Roughly 50 graduate schools of education around the country have introduced Whyville into the curriculum so that incoming teachers know how to use it, he said, adding, “As far as we know, we have thousands of teachers exposing kids to it and softly incorporating Whyville in their lesson plans, especially the sciences.”
Another “safe” social networking site, Imbee.com, which will launch in mid-June, also aims to address some of the risks facing kids today as they begin to explore online social communities. Tim Donovan, vice president of marketing for Industrious Kid, the company that is launching Imbee, said children and teenagers often don’t understand that what they post on the internet remains on the internet. “We want kids to develop [an online] skill set under the guidance of their parents; we want parents to be accountable,” Donovan said, adding that this can help parents become more involved in their children’s online lives. The site could become an educational tool for teachers to use in and outside of the classroom, he said.
Educational technology advocates who spoke with eSchool News said sites such as Whyville and Imbee hold promise as online tools that aim to engage kids in a more secure internet environment.
“It is important to differentiate between bad behavior and dangerous behavior,” said Tom Hoffman, an Ed-Tech Insider (blogger) at eSchool News Online. “My observation is that the list of truly dangerous behaviors that should be forbidden is short. Don’t chat privately with strangers. Never, ever go alone to meet someone you met on the internet.”
Hoffman said that while MySpace was the first step in making contact in many abduction stories in the news recently, “private chatting is always the decisive point.”
“Social networking for kids is here to stay, for better or worse. It isn’t a fad,” he said, adding that what will probably look silly in a few years is the way kids post pictures of illegal or dangerous activities, such as drinking.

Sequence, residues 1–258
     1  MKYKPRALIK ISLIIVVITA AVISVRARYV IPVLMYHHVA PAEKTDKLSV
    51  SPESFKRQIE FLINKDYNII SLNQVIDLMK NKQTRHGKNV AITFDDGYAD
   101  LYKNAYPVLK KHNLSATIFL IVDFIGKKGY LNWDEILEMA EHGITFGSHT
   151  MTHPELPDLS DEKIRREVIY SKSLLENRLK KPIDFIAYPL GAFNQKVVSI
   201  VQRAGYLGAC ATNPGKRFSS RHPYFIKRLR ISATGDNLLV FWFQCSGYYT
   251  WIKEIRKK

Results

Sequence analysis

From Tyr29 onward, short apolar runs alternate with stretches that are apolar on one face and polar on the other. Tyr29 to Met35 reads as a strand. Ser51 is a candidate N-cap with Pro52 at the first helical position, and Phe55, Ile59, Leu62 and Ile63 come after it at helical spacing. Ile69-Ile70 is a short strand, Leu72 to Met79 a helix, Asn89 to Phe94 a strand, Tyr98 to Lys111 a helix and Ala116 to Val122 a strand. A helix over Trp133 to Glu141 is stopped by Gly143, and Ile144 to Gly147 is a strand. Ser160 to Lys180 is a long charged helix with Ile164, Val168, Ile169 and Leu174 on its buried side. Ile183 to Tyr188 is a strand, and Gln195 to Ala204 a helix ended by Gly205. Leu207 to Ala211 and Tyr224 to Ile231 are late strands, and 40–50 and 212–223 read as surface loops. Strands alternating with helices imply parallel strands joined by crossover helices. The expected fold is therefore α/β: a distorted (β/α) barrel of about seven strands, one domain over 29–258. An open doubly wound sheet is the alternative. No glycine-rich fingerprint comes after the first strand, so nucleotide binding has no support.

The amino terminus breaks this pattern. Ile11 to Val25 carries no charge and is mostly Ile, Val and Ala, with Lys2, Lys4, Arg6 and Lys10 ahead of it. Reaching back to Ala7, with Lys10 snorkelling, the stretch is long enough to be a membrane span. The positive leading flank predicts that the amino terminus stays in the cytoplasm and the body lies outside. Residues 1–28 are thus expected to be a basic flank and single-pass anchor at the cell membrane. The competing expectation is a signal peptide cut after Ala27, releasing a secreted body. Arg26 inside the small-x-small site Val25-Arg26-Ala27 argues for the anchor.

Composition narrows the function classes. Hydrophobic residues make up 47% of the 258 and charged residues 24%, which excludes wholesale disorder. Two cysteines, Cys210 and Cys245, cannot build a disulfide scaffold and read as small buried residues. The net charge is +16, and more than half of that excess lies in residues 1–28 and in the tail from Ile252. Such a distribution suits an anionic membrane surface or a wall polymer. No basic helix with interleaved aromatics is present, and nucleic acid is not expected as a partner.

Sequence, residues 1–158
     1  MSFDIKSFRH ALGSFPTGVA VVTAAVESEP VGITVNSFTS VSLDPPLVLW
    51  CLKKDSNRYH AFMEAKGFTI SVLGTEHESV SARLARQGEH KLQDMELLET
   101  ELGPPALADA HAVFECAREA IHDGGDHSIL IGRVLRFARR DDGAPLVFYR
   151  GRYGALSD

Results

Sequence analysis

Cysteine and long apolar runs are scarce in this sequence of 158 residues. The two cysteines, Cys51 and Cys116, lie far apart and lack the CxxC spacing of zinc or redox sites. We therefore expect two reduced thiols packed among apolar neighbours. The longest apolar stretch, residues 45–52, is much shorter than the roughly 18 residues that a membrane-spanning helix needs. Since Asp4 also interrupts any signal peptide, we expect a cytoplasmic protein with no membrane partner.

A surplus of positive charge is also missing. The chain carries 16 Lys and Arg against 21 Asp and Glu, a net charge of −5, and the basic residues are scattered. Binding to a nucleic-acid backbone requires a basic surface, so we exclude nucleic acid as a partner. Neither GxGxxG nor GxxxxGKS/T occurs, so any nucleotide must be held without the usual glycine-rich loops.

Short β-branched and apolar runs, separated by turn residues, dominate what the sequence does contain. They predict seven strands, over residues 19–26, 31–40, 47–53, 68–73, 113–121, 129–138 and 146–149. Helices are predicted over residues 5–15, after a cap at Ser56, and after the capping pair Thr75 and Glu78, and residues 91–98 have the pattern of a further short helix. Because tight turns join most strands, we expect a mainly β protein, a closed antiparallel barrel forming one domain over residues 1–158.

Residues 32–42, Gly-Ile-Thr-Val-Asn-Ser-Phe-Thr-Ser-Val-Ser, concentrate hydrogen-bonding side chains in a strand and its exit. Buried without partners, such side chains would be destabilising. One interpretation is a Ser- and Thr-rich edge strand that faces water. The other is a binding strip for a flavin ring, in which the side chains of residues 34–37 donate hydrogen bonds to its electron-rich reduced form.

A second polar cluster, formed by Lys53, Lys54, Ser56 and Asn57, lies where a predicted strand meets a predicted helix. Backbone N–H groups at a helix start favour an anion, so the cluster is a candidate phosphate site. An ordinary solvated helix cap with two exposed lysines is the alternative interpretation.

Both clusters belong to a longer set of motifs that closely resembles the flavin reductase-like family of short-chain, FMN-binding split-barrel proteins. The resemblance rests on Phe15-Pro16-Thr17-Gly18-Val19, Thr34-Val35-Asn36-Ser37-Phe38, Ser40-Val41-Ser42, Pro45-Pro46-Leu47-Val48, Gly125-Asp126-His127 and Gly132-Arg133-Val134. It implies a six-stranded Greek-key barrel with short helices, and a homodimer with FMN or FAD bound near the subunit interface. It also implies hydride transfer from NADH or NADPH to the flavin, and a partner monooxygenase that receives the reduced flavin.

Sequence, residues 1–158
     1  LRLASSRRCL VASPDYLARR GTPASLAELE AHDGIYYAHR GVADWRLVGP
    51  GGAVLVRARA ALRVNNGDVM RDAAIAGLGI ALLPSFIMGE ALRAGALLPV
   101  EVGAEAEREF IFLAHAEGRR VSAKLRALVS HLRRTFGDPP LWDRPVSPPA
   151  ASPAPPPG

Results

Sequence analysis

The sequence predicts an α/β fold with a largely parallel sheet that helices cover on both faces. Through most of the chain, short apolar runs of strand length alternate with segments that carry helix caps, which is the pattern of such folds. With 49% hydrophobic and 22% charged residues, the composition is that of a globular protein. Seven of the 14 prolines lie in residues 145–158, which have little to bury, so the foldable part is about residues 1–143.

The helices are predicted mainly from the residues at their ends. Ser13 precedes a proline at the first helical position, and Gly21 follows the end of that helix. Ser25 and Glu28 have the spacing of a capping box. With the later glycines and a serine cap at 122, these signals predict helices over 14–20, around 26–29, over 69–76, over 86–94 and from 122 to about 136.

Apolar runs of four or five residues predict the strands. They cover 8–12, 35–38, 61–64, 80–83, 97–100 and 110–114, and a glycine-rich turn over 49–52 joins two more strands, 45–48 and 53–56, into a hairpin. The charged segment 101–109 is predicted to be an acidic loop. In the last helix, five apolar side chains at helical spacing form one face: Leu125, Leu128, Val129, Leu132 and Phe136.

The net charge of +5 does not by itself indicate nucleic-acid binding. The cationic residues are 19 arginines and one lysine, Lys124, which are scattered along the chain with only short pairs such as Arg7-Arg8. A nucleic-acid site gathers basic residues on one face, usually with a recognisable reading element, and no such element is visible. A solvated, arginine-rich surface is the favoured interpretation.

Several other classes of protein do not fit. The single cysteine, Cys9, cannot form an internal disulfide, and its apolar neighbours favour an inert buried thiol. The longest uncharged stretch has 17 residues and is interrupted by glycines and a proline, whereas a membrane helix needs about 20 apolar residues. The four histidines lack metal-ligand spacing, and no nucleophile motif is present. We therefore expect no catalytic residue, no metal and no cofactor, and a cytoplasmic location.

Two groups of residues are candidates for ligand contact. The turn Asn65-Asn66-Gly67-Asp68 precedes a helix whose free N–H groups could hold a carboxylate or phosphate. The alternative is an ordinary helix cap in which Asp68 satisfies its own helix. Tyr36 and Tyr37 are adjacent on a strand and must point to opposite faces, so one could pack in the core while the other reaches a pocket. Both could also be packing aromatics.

“What we’ll see now is various methods of making more private sites, as Facebook is already more private and exclusive than MySpace,” he said.
The National Cyber Security Alliance, a nonprofit organization that aims to increase cyber security and awareness among the public, recently launched a national campaign, “Help Keep Kids Connected and Protected,” to teach children about safely socializing online.
“We think it’s extremely important that we teach children how to stay safe and secure on the internet when they’re young and going through school, so they know how to be proper cyber citizens in the future,” said Ron Teixeira, the group’s executive director.
“We see schools as a great opportunity for [teaching] kids to stay safe online,” he said, adding that schools have been great avenues for past crusades against things such as drugs and alcohol. “It’s about time that we start teaching children these same common-sense procedures in the online world,” he said.
Teixeira added that some schools are teaching these safety skills, and some aren’t, but the nation as a whole lacks a single push to implement the teaching of such safety skills in a classroom setting.
“These social networking web sites are the new hot item on the internet, and they have highlighted the dangers that children face when they go [online],” he said.
Aside from sexual predators, Teixeira said young people now need to be wary of scams and identity theft.
In last year’s identity theft report, the Federal Trade Commission reported that the number of children under the age of 18 who experienced identity theft doubled from 2004 to 2005, he said.
“I think it goes pretty much without saying that just about every social networking site can be used safely or unsafely,” said Steve Burt, another Ed-Tech Insider at eSchool News Online. “Even the most secure, locally-running site hosted solely within a school’s intranet is [generally] still susceptible to either being hacked from the outside or, more to the point, used by students in unsafe ways.”
Burt said the uproar over sites such as MySpace and Facebook has to do with trust and oversight.
“These tools are here to stay,” he said. “So the central and only addressable issue is one of trust. How can we teach and trust our students to use the internet safely and wisely?”
Burt added, “Social networking sites are great tools that open up a window of possibilities, [such as] easy publication, collaboration, and bridging distances. The question is, do we trust what we’ve taught our students enough to let them use them? I hope so. If not, that says much more about us as educators than our students as users.”
National Cyber Security Alliance